A few days ago in a post titled Twitter & The Global Brain I blogged about the parallels between twitter and giant neural network. Now I want to flesh out that model and make it a little more tangible by describing an app that I call TweetStream that could potentially solve several of twitter’s current problems:

  1. Taming the torrent of information that blasts current twitter users.
  2. Monetizing content and rewarding participation in the twitter experience.
  3. Moving the global system towards a coordinated efficient information exchange framework through which global consciousness crise and be exercised.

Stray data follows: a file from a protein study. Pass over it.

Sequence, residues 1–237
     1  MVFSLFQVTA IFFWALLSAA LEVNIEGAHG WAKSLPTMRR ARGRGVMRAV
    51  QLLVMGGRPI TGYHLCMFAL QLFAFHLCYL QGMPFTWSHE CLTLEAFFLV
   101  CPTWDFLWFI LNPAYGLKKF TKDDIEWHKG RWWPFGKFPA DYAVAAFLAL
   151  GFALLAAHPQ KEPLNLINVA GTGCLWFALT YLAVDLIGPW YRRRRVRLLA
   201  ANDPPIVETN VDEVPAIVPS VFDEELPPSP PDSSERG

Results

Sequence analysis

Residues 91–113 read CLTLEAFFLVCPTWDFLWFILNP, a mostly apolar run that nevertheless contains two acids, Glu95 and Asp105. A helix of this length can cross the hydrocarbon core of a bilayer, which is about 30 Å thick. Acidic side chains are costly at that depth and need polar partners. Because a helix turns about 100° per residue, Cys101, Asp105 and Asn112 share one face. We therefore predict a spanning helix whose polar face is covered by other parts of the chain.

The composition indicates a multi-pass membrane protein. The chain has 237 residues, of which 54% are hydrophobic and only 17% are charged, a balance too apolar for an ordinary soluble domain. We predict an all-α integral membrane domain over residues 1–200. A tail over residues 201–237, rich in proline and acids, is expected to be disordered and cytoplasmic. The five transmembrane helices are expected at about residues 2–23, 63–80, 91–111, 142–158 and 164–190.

The TweetStream App

Imagine an app that provided not only the chronological list of friends updates that are is currently provided by Seesmic and Tweetdeck, but also provides what I’ll call a “personalized tweet stream”. My personalized tweet stream would be composed of two parts, presented by the App in two separate column – my “Input” stream and my “Output” stream.

My Input stream would show me tweets extracted from the global twitter stream that an algorithm (described below) predicts will be of most interest to me.  My input stream is theoretically arbitrarily long, but tweets would be sorted so that those towards the top of my incoming list are the ones it expects me to be most interested in reading.